You don’t want to miss the moon this weekend.
The full moon Saturday (September 10) also bears the title Harvest Moon For those who live in the northern hemisphere. The moon officially turns a full degree when it reaches that spot in the sky opposite (180 degrees) to the sun in the sky. This moment will happen on Saturday at 5:59 AM ET (0959 GMT).
It is the full moon on Saturday that comes closest to the September equinox, so this year it falls in September, although sometimes this title can be given at the full moon in October. The 2022 release of Harvest Moon comes unusually early, although it can happen as early as September 8 (as in 2014) or as late as October 7 (as in 1987).
Many believe that the Harvest Moon remains in the night sky longer than any of the other full moons we see during the year, but this is not so. What distinguishes the full moon on Saturday from others is that farmers at the height of the current harvest can work late at night in the light of the moon. rise over time the sun sets, but more importantly, at this time of year, instead of rising from its normal average 50 minutes later each day, the moon appears to rise at about the same time each night.
Below we have provided some examples of ten cities in North America. Local moonrise times are provided for September 9, 10, and 11, and the middle date is the full moon harvest date.
|Site||September 9||September 10||September 11|
|Albuquerque, New Mexico||7:25 PM CST||7:55 PM CST||8:23 PM CST|
|Chicago||7:16 p.m. CST||7:41 PM PDT||8:05 p.m. CST|
|Denver||7:24 PM CST||7:51 PM CST||8:16 PM CST|
|Edmonton, Alberta||8:22 PM CST||8:35 PM CST||8:46 PM CST|
|Houston||7:32 PM PDT||8:06 p.m. CST||8:38 p.m. CST|
|Los Angeles||7:11 PM PDT||7:42 PM PDT||8:11pm PDT|
|Miami||7:26 PM EST||8:02pm EST||8:37 PM EST|
|Montreal||7:25pm EST||7:47 PM EST||8:07pm EST|
|New York City||7:19 PM EST||7:45 PM EST||8:09pm EST|
|Seattle||7:47 PM PDT||8:06 PM PDT||8:24 PM PDT|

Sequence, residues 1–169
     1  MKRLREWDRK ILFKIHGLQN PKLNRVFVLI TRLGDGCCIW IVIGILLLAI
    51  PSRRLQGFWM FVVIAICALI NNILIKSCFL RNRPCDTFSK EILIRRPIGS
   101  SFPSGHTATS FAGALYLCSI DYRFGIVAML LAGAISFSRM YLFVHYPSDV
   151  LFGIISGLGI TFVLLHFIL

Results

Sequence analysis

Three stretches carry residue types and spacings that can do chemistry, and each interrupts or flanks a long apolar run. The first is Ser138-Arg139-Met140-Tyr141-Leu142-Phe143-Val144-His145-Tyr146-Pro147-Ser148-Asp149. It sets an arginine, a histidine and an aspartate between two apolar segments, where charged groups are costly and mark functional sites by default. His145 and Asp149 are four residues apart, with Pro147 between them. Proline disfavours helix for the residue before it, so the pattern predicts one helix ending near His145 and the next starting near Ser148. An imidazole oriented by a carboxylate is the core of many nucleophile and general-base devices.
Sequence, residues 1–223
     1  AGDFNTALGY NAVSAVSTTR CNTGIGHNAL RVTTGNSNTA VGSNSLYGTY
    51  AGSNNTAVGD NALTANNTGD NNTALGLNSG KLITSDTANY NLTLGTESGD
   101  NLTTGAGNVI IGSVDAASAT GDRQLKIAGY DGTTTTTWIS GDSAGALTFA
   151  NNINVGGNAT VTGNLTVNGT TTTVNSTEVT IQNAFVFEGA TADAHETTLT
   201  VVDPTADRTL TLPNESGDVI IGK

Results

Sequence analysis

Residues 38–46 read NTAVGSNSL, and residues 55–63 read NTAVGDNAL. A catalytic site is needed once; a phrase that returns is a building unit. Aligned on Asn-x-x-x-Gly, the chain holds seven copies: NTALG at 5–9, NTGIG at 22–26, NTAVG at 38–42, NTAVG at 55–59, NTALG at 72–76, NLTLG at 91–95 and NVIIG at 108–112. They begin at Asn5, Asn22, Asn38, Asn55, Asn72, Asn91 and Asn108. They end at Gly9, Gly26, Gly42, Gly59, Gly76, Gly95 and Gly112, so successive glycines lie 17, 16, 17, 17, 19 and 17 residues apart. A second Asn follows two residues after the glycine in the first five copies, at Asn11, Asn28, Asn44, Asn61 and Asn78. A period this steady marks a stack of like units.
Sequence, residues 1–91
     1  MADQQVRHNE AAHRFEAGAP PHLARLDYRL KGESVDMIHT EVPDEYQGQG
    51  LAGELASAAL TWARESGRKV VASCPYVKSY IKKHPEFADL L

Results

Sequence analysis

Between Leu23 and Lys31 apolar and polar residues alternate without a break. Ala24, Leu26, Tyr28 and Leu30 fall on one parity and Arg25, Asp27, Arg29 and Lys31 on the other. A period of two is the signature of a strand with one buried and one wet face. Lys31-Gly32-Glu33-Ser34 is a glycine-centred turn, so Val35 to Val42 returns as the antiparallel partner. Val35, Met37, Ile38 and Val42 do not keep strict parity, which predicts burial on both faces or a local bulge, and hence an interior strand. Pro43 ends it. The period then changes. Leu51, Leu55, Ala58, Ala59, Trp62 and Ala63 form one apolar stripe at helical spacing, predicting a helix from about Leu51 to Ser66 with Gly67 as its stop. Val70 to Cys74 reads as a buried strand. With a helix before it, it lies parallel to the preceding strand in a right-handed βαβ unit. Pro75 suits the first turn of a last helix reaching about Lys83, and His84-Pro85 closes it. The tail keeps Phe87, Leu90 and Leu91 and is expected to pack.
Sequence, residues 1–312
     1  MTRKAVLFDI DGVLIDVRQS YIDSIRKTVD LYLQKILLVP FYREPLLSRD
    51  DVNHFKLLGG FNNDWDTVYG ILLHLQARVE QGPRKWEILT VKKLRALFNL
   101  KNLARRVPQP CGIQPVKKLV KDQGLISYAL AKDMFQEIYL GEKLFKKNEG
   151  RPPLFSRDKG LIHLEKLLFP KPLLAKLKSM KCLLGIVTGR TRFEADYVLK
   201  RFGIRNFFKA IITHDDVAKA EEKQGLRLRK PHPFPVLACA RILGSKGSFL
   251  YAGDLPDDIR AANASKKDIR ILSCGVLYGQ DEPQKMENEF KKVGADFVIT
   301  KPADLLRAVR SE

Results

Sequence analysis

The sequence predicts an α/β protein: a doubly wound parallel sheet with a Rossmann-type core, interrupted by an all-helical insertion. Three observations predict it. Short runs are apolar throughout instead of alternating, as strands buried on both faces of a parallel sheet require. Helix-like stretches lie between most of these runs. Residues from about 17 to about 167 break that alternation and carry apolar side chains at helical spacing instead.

In fact, during this three-night period of relatively small sampling, the rise of the moon comes, on average, more than 25 minutes later each night—or exactly half of the normal 50-minute duration. A quick study of the table shows that the difference between night and night is greater for southern locations (Miami, located near 26 degrees north latitude, sees moonrise after an average of 36 minutes). Meanwhile, the difference is less at northern locations (in Edmonton, Alberta, located at 53.6°N latitude, the average difference is only 12 minutes).
The reason for this seasonal circumstance is that the moon appears to be moving along ecliptic And at this time of year when it is rising, the ecliptic makes its smallest angle with respect to the horizon for those in the northern hemisphere.
In contrast, for those living in the Southern Hemisphere, the ecliptic at this time of year appears to stand almost perpendicular (roughly at right angles) to the eastern horizon. As such, the difference in moonrise time exceeds an average of 50 minutes per night. In Melbourne, Australia, for example, the difference between night and night is 72 minutes.
Interestingly, for those who live near 60 degrees north latitude, the moon actually appears to rise at the same time each night around the time of the Harvest Moon. And for those who live further north, there is a paradox: the moon seems to rise earlier! In Reykjavik, Iceland (64.2 degrees north latitude), for example, moonrise times on September 9, 10, and 11, respectively, will be 8:51 pm, 8:43 pm, and 8:36 pm, so from Reykjavik The moon will appear to rise about eight minutes early each night.
You can check out our guides for best binoculars and the The best telescopes To discover Harvest Moon. If you’re hoping to take a good picture of the moon, check out our recommendations for the best astrophotography cameras And the Best lenses for astrophotography.
Editor’s note: If you took a picture of Harvest Moon and would like to share it with the readers of Space.com, send your picture(s), comments, name, and location to [email protected].
Joe Rao works as a teacher and guest lecturer in New York Hayden Planetarium (Opens in a new tab). He writes about astronomy for Journal of Natural History (Opens in a new tab)The Farmers’ calendar (Opens in a new tab) and other publications.
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